We worked with a woman who called International Investigators from Seattle. We know she contacted us because we are one of only a few investigative labs who can potentially identify the bad guy when we uncover a cell phone spy.
What we didn’t know, was that she was concerned about being embarrassed because some of the details we would discover in the cell phone forensics process. She was afraid we might find something that would put her in what she felt might be a disparaging light.
First, the case: The woman was an accounting assistant and she suspected one of the partners in the accounting firm she had formerly worked was stalking her. She suspected it while she was employed there and felt very uncomfortable. She ended up resigning her position, but a year later, she still felt he was stalking her. And she suspected she was being targeted and monitored through cell phone spying. It wasn’t just funny noises during her conversations, he would “just appear” places which would have been out of his way. So she thought he might be locating her through cell phone tracking. She said she felt like she was equipped with a GPS that he watched.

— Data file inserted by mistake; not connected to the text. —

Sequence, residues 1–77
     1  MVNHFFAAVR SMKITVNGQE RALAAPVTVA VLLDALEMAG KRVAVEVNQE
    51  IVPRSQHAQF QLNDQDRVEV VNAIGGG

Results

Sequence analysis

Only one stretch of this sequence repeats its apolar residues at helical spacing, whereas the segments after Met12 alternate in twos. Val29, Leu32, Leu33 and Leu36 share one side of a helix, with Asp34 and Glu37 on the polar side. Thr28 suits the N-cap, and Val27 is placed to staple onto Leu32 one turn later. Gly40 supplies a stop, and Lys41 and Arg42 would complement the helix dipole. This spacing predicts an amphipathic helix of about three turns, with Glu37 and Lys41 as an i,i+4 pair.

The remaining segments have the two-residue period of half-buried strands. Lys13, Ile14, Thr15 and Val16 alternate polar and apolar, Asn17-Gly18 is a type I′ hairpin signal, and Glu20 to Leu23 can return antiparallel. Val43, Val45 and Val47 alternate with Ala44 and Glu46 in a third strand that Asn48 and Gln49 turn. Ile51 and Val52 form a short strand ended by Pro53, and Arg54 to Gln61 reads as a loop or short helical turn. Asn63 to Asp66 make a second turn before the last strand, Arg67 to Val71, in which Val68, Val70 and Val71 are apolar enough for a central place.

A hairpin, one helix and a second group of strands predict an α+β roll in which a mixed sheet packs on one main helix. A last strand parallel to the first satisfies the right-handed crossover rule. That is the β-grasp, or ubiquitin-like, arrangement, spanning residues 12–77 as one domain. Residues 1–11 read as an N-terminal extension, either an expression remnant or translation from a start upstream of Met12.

She knew through the cell phone forensics process we would find the cell phone spyware if it was there. She was also concerned because she knew the analyst looks at everything on the phone and that would include the “sexting” between her and her boyfriend. We knew that embarrassed her and it had probably prevented her from pursuing the cellular forensics earlier.
She’s correct, we do look at everything, but everything we find is all held in strict confidence and if it doesn’t pertain to what we are investigating –and isn’t illegal – we don’t pay attention to it or include it in any reports.
Embarrassment sometimes prevents people from contacting investigators for help. It shouldn’t. We are into facts and truth – not judgment!
In this case, the woman did learn she was being stalked – and that bit of knowledge, that truth, was much more valuable than the slight cost of her embarrassment.
-T. Wilcox, CEO, International Investigators